2. Hey Tamara- after 23 years of teaching, I am in the same spot as you are. Biting off more than I can chew seems to be the method to my madness. It took me longer to start my flipping initiative – when I first heard about screen casting my lectures (October 2011)- no one I knew was calling it “flipped instruction”, though apparently by that time there were plenty of people doing it. In March 2012- I found an easy way to create and upload 5 minute videos. I did that for lectures and pre- lab activities. I still had some work to do before I felt Flipped enough. Then last summer- I read Jon and Aaron’s book. BINGO- now I had a basic understanding that it WAS NOT about the video production, but about what was happening in my classroom after students watched the videos! I am still not satisfied- especially after attending a CUE 2013 session by Ramsey Musallum about using the “explore-flip-apply” process. My whole world is focused on changing my next Biology unit (Human Body). Thank goodness I have had spring break to think and plan and play. It is so nice to know someone else is sharing the struggles I have felt- no one at my school seems to “get it”.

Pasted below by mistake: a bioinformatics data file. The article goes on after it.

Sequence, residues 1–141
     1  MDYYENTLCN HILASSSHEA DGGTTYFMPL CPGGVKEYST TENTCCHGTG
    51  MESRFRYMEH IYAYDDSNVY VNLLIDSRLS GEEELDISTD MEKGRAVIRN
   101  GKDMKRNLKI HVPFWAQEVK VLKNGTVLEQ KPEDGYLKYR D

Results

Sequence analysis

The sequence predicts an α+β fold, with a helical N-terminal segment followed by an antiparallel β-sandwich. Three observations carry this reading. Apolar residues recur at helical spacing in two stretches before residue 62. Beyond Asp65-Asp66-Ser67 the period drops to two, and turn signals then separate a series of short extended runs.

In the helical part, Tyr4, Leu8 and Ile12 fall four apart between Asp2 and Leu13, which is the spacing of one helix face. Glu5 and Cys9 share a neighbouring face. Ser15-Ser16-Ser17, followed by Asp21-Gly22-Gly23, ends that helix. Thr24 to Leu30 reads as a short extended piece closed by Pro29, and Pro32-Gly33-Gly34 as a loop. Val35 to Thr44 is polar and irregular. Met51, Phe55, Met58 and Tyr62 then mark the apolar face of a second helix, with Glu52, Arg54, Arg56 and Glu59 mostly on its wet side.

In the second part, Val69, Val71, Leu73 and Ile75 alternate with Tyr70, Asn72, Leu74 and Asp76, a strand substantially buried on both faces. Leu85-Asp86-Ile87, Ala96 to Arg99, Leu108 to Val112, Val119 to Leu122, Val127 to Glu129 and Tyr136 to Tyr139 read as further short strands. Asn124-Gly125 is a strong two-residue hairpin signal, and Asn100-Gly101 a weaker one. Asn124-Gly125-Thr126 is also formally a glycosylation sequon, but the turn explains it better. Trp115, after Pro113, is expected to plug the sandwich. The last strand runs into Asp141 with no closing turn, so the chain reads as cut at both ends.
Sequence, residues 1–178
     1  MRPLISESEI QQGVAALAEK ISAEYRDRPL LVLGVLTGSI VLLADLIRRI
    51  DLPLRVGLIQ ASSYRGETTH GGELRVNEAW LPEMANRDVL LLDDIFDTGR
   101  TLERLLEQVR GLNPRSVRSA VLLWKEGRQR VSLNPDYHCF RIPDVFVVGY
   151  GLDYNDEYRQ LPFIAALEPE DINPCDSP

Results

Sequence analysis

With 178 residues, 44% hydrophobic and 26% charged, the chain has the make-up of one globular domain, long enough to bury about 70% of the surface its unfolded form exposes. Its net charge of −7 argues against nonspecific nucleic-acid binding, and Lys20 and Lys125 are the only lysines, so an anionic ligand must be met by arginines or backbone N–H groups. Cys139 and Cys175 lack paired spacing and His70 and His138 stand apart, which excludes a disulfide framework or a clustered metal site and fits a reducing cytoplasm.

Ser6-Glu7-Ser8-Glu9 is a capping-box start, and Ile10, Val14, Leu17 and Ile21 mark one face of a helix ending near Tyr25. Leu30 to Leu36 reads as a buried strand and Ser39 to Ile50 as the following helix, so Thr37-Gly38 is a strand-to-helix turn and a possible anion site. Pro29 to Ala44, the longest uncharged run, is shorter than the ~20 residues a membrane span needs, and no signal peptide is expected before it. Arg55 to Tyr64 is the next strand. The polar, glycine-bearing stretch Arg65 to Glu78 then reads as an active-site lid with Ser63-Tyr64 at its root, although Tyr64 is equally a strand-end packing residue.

1. So glad you enjoyed my piece. Jon asked me to share my story hoping others might connect and be drawn to flipped classroom. I feel alone at my school too but I know I have to keep trying. Keep up the good work and share your experience with others! 🙂

  3. So, I came to this site to double check that I had the address correct in my capstone bibliography…and saw your photo! I loved your post- as you know, I can relate to this feeling of burning out and having bitten off way more than you can chew. (I’m still trying to accomplish that idea of not bringing work home, as well.) You’ve hit the nail on the head when you say it’s not about the videos. Videos are great tools, but it really is about helping our kids take charge of their learning.

    You always were an eloquent writer. Proud to call you a friend and a colleague. 🙂